In 1990, a reader posted a question in a magazine column which confused a number of readers to the point where many did not believe the correct solution even after it had been revealed. It is a famously counterintuitive problem that has confused many people for a long time.

It is a fantastic introduction to probability as it highlights the importance of understanding probability by highlighting a key misconception as well as giving an introduction to the basic mechanics of how we calculate probability.

This presentation can be used to demonstrate the game show to your class. If you’re feeling particularly adventurous, get one of the students to play the game show by taking some boxes (and goats) into the classroom with you.


PRESENTATION: The Prosecutor’s Fallacy

Probability is a vital life skill to understanding risks. It can also have major ramifications if not understood properly in criminal law. The prosecutor’s fallacy is a widely used example of how not understanding probabilities properly can have serious repercussions.

This presentation introduces the idea of the prosecutor’s fallacy through a fictional story of a criminal case held against a man accused of stealing a woman’s bag. It highlights one example of why it is important that we have an understanding of and apply probability correctly in the real world.

You could show the presentation to the entire class or get a few of the students to act out some of the roles to add an extra layer of realism.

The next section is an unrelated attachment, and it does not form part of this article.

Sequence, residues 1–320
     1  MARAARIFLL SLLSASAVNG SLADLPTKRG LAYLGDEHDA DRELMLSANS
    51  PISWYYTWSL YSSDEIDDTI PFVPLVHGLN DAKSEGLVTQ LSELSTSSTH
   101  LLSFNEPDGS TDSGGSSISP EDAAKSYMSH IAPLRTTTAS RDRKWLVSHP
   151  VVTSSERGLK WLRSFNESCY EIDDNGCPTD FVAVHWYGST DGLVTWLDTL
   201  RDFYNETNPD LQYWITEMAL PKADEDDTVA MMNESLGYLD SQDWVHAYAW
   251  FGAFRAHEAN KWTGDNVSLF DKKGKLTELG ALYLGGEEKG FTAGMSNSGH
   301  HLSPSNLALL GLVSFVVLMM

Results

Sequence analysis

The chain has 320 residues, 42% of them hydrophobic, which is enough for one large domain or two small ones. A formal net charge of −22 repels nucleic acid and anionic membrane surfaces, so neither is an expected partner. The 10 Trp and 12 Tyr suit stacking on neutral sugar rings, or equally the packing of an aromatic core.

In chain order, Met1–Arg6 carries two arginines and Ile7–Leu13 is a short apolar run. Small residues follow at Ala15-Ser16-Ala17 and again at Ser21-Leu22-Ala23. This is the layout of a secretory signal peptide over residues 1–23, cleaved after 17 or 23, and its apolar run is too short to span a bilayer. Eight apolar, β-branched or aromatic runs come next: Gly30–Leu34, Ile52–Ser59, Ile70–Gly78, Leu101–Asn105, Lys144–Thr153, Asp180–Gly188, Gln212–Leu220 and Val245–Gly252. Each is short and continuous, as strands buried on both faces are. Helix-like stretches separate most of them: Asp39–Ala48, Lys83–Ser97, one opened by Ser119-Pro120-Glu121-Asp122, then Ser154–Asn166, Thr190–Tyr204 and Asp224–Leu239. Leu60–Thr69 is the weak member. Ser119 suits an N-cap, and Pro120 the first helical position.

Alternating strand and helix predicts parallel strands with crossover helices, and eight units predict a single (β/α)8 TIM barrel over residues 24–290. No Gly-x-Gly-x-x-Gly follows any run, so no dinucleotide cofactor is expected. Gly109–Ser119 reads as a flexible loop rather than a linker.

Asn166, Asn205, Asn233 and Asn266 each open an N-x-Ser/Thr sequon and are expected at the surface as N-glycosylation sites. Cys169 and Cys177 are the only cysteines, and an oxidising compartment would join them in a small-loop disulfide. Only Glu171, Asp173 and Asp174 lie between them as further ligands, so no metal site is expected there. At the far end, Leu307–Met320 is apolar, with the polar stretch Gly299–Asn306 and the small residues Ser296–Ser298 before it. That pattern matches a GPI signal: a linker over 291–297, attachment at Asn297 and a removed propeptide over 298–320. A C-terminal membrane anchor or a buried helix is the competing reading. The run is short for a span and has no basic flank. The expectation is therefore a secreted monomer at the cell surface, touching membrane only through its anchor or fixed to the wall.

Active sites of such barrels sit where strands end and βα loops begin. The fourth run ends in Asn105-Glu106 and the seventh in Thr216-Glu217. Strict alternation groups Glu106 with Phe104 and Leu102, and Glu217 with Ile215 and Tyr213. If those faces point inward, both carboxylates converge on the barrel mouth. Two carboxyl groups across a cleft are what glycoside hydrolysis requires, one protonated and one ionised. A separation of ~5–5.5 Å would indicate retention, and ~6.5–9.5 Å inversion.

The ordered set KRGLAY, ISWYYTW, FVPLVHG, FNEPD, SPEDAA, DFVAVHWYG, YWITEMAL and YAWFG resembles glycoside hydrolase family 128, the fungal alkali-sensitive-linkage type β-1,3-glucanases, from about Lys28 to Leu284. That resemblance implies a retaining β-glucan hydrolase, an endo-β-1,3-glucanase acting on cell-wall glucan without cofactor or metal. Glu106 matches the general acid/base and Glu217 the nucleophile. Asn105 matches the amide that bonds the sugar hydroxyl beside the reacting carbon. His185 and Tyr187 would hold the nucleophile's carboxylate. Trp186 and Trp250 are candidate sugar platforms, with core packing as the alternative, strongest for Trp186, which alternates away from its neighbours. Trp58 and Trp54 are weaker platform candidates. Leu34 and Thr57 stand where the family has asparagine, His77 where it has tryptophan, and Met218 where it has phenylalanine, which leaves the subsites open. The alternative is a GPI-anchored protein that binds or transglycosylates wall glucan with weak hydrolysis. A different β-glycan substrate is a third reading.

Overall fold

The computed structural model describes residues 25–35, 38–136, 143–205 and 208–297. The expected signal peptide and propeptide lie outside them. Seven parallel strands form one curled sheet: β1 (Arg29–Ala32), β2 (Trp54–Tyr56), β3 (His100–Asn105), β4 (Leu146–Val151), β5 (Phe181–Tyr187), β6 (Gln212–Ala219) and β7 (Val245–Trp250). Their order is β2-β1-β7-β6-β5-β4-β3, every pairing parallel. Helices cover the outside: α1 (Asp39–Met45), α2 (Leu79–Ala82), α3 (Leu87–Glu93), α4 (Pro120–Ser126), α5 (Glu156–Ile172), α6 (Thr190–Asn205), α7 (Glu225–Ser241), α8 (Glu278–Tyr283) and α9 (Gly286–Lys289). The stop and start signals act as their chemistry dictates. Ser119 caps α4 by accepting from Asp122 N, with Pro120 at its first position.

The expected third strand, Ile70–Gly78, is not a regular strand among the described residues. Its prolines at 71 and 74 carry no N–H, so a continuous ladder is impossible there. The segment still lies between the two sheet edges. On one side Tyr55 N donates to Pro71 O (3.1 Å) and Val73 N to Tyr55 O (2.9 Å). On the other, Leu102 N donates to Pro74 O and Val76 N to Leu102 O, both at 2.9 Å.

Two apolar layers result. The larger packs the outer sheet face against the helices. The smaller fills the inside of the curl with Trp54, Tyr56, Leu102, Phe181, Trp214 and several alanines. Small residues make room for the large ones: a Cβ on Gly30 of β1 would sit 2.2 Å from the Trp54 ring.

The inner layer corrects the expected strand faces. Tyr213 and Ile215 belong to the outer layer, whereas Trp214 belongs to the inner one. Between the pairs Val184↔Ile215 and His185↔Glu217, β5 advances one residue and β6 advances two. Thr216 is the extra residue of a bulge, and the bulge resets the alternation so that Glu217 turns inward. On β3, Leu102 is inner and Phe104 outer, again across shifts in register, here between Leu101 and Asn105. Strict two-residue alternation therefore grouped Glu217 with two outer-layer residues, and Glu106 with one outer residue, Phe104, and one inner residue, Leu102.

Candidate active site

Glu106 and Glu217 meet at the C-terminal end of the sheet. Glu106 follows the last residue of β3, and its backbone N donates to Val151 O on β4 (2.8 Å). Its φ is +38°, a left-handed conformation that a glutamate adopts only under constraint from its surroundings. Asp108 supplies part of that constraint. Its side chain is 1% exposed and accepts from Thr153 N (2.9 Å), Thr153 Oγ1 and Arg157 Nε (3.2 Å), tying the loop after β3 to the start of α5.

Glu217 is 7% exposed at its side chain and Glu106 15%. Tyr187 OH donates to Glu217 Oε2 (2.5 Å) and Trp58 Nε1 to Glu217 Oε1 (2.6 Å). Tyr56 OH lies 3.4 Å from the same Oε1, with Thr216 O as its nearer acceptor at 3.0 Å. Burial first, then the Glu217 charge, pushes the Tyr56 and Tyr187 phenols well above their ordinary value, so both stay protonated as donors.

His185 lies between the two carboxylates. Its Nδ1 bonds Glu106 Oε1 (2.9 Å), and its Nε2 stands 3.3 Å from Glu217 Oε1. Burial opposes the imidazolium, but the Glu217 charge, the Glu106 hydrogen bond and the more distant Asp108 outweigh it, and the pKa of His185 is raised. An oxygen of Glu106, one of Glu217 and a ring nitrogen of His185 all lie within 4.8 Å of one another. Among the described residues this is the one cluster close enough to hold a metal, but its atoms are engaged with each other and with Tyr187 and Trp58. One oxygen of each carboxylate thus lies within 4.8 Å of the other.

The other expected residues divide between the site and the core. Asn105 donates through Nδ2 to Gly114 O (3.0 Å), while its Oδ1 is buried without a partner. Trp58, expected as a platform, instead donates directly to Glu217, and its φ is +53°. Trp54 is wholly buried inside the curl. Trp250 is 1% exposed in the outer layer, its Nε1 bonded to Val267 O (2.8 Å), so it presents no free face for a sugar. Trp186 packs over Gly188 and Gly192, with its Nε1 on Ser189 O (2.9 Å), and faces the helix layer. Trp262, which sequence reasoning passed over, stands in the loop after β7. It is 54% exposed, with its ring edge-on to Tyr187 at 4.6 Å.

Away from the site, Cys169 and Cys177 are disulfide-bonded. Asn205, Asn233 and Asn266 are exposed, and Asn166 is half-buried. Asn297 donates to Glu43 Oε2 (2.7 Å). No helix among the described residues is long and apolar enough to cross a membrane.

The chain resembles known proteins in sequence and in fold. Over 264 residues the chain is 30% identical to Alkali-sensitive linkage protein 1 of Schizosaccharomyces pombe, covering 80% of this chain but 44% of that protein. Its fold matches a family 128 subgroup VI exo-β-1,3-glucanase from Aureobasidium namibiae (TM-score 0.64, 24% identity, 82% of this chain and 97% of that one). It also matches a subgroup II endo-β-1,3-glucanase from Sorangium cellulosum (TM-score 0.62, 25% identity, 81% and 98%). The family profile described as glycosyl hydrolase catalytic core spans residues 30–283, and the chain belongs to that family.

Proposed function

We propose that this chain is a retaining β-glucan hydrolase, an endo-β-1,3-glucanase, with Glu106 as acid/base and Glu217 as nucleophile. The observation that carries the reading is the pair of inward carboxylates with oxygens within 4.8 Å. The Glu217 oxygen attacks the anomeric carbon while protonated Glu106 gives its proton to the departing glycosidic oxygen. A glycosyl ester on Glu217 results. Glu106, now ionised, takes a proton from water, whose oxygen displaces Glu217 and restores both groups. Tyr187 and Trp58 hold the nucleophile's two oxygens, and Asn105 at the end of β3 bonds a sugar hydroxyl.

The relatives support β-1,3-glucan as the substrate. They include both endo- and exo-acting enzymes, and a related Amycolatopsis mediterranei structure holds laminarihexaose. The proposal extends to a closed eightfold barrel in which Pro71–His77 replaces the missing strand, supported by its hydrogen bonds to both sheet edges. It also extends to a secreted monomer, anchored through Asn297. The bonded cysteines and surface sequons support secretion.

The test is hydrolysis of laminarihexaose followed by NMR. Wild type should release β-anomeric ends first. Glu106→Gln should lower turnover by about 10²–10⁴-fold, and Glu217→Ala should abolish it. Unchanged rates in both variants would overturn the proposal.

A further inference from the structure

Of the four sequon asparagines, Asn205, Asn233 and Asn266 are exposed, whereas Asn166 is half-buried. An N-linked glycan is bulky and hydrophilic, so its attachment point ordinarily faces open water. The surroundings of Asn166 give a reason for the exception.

PRESENTATION: The Birthday Problem

The birthday problem is a widely used problem that, similar to the Monty Hall problem, is rather counterintuitive. The question is posed: What is the smallest number of people you need to have in a room before it is more likely than not that two people share a birthday?

Many students will answer 182 or 183 because 182.5 is half of 365, which seems correct. No student I have ever shown this problem to has ever come close to the answer. Full disclosure – I did not get anywhere near to the answer when I first saw it!

The presentation above runs through the problem and some of the initial calculations that allow us to find the answer. Attached on one of the slides is a spreadsheet that has all of the calculations and values needed to fully understand it. With a higher level group, you can try to get them to work it out themselves (which may need scaffolding from you, perhaps talk them through the calculations on the slides and get them to work out the rest themselves). For other students, it may just be worth going through it step-by-step with them as the answer is just as amazing whether you have actually done the calculations or not.

Numberphile have a video that attacks the problem from the other direction. They ask: What is the probability that 2 people out of a possible 23 share a birthday? Showing this may be a good alternative to going through the presentation or can be used to compliment it.


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